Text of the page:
The novel then charts the progress from Simon being taken to the I.C.U. to the point his heart becomes that of Claire Méjan. As the heart’s journey progresses, we meet all of the people involved in transporting it from one body to another.

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Two things are really impressive about this novel: the first is that de Kerangal is able to take the reader into the lives of so many people along the course of the book, catching a snapshot of them as they proceed with their part in the process of a heart transplant. However, in doing so, she manages to capture the essence of each of them and you come away from each encounter feeling as though you know the character. For example, there’s a wonderful moment when the reader meets Virgilio Breva, the heart surgeon who’s just received a ’phone call to tell him he’ll be travelling to Le Havre to harvest Simon’s heart:

The margherita splats against the apartment wall and falls to the carpet, leaving the trace of a Neopolitan sunset above the television. The young woman appraises her throw with a satisfied eye and turns back to the pile of white boxes on the counter of the open kitchen, lifts the lid of a second perfectly quadrangular box, slides the burning disc of the Supreme on to her palm, turns to face the wall, elbow bent, hand held as a tray, and with a quick extension of her arm, projects it between the room’s two windows, a new action painting, slices of curious constellation on the wall. As she’s preparing to break open the third box…a man steps out of the bathroom, glistening, and then – sensing a threat – stops short in the doorway; seeing the young woman wind up for a gesture of propulsion in his direction, he drops to the floor, pure reflex, then rolls from his belly on to his back to observe her from a low angle.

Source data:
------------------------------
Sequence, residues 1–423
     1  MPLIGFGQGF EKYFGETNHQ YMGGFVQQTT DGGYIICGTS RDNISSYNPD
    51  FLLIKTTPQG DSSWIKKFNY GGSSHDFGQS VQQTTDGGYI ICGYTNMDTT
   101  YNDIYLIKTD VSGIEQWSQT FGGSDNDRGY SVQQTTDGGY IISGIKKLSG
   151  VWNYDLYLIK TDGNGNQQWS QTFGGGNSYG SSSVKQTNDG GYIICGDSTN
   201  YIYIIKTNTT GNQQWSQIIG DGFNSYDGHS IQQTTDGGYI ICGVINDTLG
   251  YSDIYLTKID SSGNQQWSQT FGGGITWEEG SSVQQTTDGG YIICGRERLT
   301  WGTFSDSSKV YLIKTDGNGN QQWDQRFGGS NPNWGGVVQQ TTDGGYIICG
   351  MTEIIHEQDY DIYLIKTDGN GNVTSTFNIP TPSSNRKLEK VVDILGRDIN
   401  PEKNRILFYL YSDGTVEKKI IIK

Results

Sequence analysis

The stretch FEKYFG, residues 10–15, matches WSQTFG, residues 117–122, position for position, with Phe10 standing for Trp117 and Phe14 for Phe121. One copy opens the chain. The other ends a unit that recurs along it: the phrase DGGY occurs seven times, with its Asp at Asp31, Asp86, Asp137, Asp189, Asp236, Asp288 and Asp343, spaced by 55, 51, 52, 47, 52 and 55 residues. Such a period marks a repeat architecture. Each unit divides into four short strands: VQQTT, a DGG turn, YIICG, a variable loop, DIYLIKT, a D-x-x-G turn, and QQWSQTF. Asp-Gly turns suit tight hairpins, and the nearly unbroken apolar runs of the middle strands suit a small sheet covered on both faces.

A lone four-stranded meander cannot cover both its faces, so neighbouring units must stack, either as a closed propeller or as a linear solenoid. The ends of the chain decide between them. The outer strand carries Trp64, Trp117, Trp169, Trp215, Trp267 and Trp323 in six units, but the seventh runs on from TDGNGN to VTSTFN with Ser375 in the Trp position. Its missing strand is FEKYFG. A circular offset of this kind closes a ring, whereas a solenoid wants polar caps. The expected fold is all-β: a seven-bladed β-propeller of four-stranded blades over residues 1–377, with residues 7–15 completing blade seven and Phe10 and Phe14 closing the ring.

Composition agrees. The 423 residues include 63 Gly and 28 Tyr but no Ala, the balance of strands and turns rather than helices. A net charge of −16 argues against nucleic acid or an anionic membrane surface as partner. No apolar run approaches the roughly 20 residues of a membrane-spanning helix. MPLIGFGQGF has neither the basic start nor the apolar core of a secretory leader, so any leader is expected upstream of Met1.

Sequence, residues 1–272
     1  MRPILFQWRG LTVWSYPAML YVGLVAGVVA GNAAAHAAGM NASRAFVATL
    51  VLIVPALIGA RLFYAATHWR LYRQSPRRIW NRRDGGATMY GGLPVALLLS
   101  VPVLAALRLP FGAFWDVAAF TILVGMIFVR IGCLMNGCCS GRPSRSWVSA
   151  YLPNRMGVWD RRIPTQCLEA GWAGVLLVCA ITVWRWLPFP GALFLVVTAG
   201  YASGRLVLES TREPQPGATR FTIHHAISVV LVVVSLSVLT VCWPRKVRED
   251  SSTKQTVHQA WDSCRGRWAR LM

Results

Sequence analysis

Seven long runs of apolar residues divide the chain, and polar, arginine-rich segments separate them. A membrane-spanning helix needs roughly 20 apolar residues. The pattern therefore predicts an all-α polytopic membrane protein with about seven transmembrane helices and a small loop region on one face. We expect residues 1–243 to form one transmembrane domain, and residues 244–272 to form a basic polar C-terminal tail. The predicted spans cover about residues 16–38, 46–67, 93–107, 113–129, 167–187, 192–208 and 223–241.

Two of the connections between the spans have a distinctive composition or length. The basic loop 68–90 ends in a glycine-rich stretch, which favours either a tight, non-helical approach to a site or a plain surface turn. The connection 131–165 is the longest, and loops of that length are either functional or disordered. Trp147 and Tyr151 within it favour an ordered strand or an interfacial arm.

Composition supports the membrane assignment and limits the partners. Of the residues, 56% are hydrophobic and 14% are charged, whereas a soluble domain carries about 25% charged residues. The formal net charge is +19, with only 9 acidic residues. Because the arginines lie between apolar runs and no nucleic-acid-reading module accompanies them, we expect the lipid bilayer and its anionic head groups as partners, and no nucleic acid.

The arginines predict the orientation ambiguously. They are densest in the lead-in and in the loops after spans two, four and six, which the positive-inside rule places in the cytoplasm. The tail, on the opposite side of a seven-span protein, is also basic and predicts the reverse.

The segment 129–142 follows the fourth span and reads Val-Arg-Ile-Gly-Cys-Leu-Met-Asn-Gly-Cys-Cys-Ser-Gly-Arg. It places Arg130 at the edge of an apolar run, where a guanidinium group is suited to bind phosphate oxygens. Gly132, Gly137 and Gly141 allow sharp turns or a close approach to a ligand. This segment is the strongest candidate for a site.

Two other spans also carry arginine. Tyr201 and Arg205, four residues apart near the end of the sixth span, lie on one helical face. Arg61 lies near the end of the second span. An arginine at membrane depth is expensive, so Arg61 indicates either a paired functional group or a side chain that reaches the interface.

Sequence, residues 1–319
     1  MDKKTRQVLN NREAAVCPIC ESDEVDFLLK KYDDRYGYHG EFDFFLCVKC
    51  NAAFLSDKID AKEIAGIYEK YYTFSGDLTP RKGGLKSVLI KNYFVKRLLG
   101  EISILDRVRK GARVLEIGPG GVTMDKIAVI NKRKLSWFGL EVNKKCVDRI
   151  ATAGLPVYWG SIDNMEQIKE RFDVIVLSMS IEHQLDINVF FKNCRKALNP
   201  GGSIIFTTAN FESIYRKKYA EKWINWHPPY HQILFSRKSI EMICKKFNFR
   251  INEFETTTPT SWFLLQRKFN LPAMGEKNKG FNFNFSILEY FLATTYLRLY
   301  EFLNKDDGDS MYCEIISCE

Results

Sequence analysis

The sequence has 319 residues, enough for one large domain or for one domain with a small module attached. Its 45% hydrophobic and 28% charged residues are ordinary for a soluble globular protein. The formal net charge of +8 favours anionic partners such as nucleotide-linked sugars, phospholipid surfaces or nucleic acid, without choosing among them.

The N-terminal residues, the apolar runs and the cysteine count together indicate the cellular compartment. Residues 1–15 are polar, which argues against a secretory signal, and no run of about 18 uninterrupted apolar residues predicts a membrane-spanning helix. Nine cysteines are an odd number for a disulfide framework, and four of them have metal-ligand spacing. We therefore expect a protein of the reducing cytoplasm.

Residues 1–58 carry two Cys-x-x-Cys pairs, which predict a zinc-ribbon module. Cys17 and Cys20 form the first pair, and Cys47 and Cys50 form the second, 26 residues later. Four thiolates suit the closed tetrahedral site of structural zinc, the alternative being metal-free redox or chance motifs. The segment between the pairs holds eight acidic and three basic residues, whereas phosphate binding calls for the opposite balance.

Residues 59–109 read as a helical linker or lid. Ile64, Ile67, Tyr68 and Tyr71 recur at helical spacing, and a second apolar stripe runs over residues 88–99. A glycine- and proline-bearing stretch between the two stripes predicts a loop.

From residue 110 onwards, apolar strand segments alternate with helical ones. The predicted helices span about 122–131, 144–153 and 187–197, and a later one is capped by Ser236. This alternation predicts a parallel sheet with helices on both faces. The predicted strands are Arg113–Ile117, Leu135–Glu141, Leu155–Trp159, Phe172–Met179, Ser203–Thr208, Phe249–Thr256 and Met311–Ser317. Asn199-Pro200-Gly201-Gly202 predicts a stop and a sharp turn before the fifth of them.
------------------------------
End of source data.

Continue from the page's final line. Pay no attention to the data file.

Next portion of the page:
The second, as I hope you can see from the quotations, is de Kerangal’s sentences and the control she exerts over such lengthy constructions. Credit here must also go to translator Jessica Moore who’s done a superb job ensuring that these extended complex sentences retain their clarity whilst containing an impressive amount of detail.

Mend the Living is gripping. Not because it’s fast-paced and plot-driven but because the writing is perfectly measured and the construction – of sentences and plot – is balanced. Through her characters, de Kerangal considers the impact of surgery on individuals and society; death; life-changing decisions, again both societal and individual; privilege; love, and the heart. It’s not difficult to see why this novel has won ten literary awards in France.

As far as I can tell, de Kerangal only has one other novel which has been translated into English – Birth of a Bridge – which Susan at A Life in Books reviewed last year (click the title to read Susan’s review). I’ll be getting myself a copy and looking out for anything that’s available in English in the future too. Mend the Living is a triumph.

 

Thanks to MacLehose Press for the review copy.